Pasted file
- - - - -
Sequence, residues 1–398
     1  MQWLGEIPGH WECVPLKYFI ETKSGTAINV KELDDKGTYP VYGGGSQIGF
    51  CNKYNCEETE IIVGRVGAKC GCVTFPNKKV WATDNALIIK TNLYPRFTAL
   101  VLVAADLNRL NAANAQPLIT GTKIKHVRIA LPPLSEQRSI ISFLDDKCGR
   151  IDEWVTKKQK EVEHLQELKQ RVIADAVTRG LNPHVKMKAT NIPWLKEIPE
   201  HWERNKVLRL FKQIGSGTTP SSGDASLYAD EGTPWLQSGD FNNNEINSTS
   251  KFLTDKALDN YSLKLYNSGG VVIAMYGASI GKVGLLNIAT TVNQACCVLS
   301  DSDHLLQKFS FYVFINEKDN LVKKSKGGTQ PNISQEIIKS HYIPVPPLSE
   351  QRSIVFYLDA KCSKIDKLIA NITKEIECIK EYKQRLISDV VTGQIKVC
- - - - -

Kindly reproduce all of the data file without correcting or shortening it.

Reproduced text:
Sequence, residues 1–398
     1  MQWLGEIPGH WECVPLKYFI ETKSGTAINV KELDDKGTYP VYGGGSQIGF
    51  CNKYNCEETE IIVGRVGAKC GCVTFPNKKV WATDNALIIK TNLYPRFTAL
   101  VLVAADLNRL NAANAQPLIT GTKIKHVRIA LPPLSEQRSI ISFLDDKCGR
   151  IDEWVTKKQK EVEHLQELKQ RVIADAVTRG LNPHVKMKAT NIPWLKEIPE
   201  HWERNKVLRL FKQIGSGTTP SSGDASLYAD EGTPWLQSGD FNNNEINSTS
   251  KFLTDKALDN YSLKLYNSGG VVIAMYGASI GKVGLLNIAT TVNQACCVLS
   301  DSDHLLQKFS FYVFINEKDN LVKKSKGGTQ PNISQEIIKS HYIPVPPLSE
   351  QRSIVFYLDA KCSKIDKLIA NITKEIECIK EYKQRLISDV VTGQIKVC